Councilman Tries to Revive Dormant Living Wage Law
Pittsburgh City Council is considering a bill that would activate a dormant, ten-year-old law to set a "living wage" minimum for all city employees.
At its committee meeting Wednesday, Council voted to hold the measure for a post-agenda meeting to discuss legal questions surrounding the bill.
Sponsoring Councilman Ricky Burgess said the legislation wouldn't enact a new law, because the state government banned living wage legislation a few years ago. Rather, he said Council must activate the old city law.
"By simply activating it, that may be the only way to get around that provision, because this was actually passed before the state passed its prohibition against the living wage," said Burgess.
He said the 2002 legislation never took effect because of a last-minute revision by City Council.
"At the n'th hour, at the very end of the bill, they put in a paragraph saying it would not be implemented by the city until the County Council passed a similar piece of ordinance," said Burgess. "County Council never passed it, so it was never activated."
However, other City Council members asked to consult the City Law Department as to the legality of bypassing state law by reviving a dead city ordinance. Councilman Bill Peduto also wanted an opinion on the legality of requiring city vendors and contractors to pay a certain wage to their employees.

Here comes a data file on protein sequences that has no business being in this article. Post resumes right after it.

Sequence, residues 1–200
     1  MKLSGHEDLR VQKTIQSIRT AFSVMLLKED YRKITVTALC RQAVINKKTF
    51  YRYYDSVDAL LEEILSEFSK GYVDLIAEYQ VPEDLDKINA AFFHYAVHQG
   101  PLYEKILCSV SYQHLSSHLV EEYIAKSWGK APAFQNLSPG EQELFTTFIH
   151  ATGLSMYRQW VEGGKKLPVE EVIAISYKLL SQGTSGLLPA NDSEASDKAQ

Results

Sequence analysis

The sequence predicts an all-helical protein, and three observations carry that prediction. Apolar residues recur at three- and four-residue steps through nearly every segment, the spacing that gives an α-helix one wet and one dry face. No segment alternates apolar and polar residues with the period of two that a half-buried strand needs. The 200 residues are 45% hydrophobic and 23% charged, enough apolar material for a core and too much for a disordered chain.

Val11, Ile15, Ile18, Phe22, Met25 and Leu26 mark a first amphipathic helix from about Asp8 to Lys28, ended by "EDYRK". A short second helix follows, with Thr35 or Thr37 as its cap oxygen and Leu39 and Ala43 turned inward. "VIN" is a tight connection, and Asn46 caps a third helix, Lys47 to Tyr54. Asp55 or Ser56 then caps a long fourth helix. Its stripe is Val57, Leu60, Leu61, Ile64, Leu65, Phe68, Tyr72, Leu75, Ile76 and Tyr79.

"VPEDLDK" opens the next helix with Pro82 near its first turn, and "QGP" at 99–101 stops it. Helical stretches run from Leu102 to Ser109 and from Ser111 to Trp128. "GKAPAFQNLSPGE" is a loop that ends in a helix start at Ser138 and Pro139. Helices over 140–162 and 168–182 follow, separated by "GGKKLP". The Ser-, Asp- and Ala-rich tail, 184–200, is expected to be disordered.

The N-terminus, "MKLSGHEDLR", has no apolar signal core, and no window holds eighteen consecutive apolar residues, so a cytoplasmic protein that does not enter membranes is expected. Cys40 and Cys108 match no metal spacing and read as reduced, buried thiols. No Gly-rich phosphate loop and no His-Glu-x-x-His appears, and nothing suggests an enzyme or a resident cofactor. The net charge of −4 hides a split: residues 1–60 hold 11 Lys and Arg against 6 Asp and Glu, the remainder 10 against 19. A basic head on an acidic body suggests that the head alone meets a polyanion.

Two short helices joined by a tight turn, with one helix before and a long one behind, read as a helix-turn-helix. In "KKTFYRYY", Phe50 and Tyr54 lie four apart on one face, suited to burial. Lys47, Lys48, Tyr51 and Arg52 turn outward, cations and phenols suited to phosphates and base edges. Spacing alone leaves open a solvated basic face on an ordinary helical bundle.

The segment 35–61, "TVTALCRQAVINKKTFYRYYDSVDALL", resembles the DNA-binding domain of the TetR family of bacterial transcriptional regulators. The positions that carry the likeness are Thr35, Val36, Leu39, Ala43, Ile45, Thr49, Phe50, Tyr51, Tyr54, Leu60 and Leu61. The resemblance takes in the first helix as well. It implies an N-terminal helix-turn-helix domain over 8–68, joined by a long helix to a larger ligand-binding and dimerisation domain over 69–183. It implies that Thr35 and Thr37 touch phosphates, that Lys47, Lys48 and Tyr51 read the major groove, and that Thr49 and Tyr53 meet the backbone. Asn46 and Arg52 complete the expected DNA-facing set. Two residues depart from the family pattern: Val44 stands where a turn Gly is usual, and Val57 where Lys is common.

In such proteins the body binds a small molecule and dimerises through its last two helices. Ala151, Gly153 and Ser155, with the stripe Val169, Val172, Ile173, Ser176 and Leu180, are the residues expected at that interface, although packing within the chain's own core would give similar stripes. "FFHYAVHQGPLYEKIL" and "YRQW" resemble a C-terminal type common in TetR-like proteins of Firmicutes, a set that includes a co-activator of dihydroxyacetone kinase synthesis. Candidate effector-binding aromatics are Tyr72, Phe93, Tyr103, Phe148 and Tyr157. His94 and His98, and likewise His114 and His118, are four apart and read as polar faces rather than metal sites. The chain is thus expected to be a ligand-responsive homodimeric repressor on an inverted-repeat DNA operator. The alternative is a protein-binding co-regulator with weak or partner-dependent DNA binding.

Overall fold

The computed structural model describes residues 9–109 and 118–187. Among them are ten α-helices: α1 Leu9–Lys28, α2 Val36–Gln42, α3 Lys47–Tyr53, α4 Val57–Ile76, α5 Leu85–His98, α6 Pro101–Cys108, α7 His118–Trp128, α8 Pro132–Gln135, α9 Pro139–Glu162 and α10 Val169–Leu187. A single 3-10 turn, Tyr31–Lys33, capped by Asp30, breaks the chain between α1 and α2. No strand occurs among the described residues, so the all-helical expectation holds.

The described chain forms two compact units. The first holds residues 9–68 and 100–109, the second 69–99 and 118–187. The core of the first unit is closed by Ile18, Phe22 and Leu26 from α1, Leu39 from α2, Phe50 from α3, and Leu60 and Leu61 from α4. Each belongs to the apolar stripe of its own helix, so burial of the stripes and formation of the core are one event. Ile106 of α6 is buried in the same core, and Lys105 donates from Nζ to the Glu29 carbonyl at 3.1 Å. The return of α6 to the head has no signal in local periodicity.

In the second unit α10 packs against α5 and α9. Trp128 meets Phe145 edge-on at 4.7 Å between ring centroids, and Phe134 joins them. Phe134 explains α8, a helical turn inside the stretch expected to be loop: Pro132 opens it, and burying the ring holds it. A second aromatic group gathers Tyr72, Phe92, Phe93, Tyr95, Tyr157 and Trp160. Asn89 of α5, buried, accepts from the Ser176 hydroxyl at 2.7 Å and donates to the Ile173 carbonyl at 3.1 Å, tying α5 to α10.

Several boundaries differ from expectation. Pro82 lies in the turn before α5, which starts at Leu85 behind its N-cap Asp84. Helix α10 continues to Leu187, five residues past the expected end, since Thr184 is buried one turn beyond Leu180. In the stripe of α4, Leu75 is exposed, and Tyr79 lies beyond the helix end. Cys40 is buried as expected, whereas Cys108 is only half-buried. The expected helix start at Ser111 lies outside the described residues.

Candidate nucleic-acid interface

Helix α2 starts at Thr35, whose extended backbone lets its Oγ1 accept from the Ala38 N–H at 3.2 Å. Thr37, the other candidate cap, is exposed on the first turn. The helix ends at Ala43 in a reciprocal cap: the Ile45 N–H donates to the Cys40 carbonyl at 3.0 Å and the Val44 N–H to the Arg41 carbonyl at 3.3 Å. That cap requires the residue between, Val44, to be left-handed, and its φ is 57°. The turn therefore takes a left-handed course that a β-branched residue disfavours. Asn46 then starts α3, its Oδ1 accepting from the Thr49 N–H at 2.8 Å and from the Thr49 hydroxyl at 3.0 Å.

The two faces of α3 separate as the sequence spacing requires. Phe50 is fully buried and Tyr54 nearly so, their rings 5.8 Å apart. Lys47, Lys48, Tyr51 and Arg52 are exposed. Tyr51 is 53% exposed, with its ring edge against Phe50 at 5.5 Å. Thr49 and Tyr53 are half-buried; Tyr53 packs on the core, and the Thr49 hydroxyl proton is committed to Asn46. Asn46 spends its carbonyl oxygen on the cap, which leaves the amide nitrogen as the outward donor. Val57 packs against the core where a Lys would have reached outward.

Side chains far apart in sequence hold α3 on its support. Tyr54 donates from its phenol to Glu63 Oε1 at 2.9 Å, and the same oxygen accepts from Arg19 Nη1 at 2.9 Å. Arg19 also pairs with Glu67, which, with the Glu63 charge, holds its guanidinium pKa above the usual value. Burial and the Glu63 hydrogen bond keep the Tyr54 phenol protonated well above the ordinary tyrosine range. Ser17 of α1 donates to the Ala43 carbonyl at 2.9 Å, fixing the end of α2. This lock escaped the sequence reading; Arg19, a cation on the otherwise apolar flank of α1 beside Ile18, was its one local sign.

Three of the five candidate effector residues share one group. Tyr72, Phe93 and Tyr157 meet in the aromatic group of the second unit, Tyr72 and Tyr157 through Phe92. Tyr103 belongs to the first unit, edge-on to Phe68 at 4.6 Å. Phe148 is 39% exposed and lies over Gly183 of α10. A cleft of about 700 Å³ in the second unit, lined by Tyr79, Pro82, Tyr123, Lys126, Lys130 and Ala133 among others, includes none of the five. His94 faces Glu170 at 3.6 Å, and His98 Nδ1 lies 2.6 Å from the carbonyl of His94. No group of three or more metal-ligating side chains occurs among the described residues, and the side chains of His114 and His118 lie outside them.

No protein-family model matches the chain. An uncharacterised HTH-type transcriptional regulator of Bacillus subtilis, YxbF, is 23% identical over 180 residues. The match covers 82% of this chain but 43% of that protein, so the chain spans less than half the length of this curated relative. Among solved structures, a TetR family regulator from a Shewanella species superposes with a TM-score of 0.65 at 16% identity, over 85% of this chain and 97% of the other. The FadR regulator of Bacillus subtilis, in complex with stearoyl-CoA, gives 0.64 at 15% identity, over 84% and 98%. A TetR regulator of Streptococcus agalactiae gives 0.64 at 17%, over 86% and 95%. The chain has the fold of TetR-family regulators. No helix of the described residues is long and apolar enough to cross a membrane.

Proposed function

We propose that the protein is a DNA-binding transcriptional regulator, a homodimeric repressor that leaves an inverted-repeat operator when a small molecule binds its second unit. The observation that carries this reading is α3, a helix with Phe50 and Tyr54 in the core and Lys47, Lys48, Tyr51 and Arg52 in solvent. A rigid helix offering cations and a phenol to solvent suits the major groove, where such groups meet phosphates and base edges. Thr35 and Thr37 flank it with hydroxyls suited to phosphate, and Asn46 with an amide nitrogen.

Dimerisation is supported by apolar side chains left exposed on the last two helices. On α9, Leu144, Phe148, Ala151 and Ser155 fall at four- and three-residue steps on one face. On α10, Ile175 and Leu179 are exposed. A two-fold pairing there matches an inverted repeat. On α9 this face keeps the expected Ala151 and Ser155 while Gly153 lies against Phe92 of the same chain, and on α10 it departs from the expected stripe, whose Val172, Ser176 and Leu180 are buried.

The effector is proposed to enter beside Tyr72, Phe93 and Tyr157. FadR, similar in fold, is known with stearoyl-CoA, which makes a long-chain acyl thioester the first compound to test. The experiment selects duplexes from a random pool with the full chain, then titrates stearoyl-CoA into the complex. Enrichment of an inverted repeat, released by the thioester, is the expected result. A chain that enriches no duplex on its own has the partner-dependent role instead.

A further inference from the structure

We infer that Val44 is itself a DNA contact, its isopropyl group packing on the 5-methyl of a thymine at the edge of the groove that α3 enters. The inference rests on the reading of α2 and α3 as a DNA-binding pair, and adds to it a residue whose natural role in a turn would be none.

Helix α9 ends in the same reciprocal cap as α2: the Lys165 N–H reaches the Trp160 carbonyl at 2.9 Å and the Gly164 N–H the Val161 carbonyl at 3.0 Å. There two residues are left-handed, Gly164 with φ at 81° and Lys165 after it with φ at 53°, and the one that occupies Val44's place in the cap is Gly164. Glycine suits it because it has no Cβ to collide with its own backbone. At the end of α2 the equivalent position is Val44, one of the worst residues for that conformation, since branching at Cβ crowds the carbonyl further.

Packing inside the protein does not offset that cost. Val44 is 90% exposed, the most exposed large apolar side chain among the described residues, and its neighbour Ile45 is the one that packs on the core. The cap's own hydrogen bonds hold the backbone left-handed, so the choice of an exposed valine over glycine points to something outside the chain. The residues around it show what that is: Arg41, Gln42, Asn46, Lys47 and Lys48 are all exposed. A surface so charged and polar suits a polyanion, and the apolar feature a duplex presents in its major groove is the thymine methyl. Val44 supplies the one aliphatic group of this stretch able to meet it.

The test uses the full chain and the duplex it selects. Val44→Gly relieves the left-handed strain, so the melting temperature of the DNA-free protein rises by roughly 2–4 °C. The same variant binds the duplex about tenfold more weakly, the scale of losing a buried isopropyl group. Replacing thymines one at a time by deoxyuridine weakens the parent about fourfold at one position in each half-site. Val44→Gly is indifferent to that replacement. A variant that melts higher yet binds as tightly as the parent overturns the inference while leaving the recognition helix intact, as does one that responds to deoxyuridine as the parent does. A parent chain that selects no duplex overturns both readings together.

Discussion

"At that time, Solicitor [Jacqueline] Morrow, I believe, had a legal opinion that it was permissible for us to enact it under our own employees, people that were directly working for the city of Pittsburgh," said Peduto, "but that it was not permissible for us to do so for secondary employment."
Peduto is the only current Council member also in office during the 2002 session. He voted in favor of the amendment to the living wage bill that attached its implementation to the County. Peduto said he'd support the new measure if it's legal, and if it doesn't cost the city too much money.
When the living wage law was originally set to take effect in 2002, it would have required a $9.12 per hour minimum wage for insured city employees and contracted workers, such as security guards. For employees without health insurance, the minimum wage would have been $10.62 per hour.
According to the cost-of-living adjustments contained in the original legislation, the law would require insured workers to be paid $11.18 per hour in 2011; uninsured workers would receive $12.68 per hour.